Mike, this is Dave. Thanks for the question. I think that's a very, I mean that's really observant of you and I appreciate you asking it because it does need a little bit of discussion. That is not something that we have a payment obligation on, it's kind of an interesting situation when you go through the accounting literature on the debt exchange and what we see on that is, it really represents the reduction of the principal, but what the accounting rules have you do in that situation based on kind of the technical classification of how the exchange work is hang that up on the balance sheet and the effect it will have, is it will actually cause our overall interest expense on the P&L to be lower than what the stated face amount of principal times debt so -- the principal balance we show that as of the end of, well, we frankly we showed in our slide deck that we're below $2 billion (ph) in total debt as of the end of February.

And that's our, that's how you should think about repayment obligation on that. We've broken that out in pretty good detail on the financials that will get filed in the 10-K here shortly. So it is something to pay attention to. We've tried to call out as brightly as we can just so folks don't accidentally pickup that premium.

Michael Scialla -- Stifel, Nicolaus & Company -- Analyst

Great. I appreciate it.


Thank you. (Operator Instructions) Our next question comes from Kevin Kuzio from First Eagle Investment Management. Please go ahead.

Kevin Kuzio -- First Eagle Investment Management -- Analyst

Thank you. I saw that strengthening the balance sheet was listed under both strategic objectives at the beginning and the near-term objectives and I was wondering if you could elaborate on how you saw that playing out both this year and over time?

Brad Johnson -- President and Chief Executive Officer

Sure. Treating the balance sheet is our priority every day when we come to work. It is our front of mind focus as we run our business and so it was a focus for us at '18 with some significant achievement on that front and it will continue to be a focus for us in 2019 going forward.

David Honeyfield -- Chief Financial Officer

Brad, maybe to add a little bit of color on to that too. Certainly, we've had a handful of successes here and Kevin, certainly as you know, the debt exchange that took place in December was very meaningful. We've had the ability to under the basket in our indenture, do some more of that and we were able to reduce debt a little bit further. Clearly, there are some things that are in our control on the operating side that we're working on. Jay mentioned the -- some of the savings from the 2-string design on the capital program, I mean if you think about applying 10% savings across our capital program on a per well basis, that's a significant decrease in the CapEx for the same result and that math would be $30 million plus.

Other things I'd mention are the way that we're managing the hedge book right now. As I mentioned before, we do have the requirement out there, but that requirement has some flexibility in terms of the products we use. So as we're starting to look forward and put some of that hedging in place, some of the hedging we do is to be in compliance and some of the hedging we do is to be opportunistic. So when we see kind of PIKs come up, we are trying to be very quick to jump on those where we're putting in the -- some of the required hedging in the forward market where there might be some tougher pricing. We're trying to set them up in ways that allow us a lot of flexibility and that's using some costless collars and using the deferred put or deferred premium puts.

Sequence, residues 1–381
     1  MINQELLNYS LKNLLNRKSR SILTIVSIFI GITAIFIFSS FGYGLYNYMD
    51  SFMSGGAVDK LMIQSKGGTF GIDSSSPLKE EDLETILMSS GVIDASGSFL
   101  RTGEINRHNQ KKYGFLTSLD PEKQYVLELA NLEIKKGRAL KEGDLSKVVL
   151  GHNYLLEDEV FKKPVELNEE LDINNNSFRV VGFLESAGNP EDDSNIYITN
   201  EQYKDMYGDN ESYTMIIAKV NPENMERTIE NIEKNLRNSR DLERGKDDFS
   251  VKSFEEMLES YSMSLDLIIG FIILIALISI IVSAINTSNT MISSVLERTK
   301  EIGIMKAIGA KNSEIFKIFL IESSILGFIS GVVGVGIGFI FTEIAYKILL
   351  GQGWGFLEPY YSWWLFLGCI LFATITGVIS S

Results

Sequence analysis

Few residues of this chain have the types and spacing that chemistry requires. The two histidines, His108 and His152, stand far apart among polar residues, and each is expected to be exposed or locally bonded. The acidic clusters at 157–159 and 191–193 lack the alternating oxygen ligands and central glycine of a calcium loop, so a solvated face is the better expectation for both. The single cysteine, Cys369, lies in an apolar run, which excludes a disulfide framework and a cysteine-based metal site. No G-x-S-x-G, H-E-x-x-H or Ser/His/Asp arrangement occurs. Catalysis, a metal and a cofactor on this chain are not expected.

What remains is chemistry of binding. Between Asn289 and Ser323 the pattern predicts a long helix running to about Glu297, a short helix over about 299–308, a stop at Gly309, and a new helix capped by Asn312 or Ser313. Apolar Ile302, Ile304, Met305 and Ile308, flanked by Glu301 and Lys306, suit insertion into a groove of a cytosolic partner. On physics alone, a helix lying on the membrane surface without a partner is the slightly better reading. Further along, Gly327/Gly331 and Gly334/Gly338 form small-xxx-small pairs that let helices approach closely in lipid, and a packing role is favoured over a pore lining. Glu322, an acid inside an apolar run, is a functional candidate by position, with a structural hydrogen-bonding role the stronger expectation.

So what that does and kind of works in over time, those are things we can control, certainly from a market perspective, I think it's always helpful to remind folks that our production base is significant and you think about the impact that a quarter, that Mcf has on the overall cash flows. On the top line basis that's $60 million. And when you think about our gross margin, those can be meaningful numbers.

So, while we do have hedging in there with the passage of time, these are all the things that we just want to make sure people remember when we talk about the potential for the Company and hopefully that's something that you can add to the list of the items of the Company you can manage and control, and then the items that frankly benefit the Company with a little bit of tailwinds here.

Michael Scialla -- Stifel, Nicolaus & Company -- Analyst

Okay, thank you. Just to follow up with the flexibility you mentioned on managing your forward hedge strategy, does that also allow for you to look at the existing hedge book and maybe reconfigure that within the required parameters?

David Honeyfield -- Chief Financial Officer

We do have a lot of flexibility in that regard, not that there have been huge dollars, but I think if you were to try to add up what we lift in terms of our hedges that we're in place last time we talked and then the new things that we put on, you'll see that for example on oil, we took off a couple of thousand barrels a day in the first quarter and then a little bit later in the year when we saw that dip in oil price that took place in December and January and that created some immediate cash flow for us.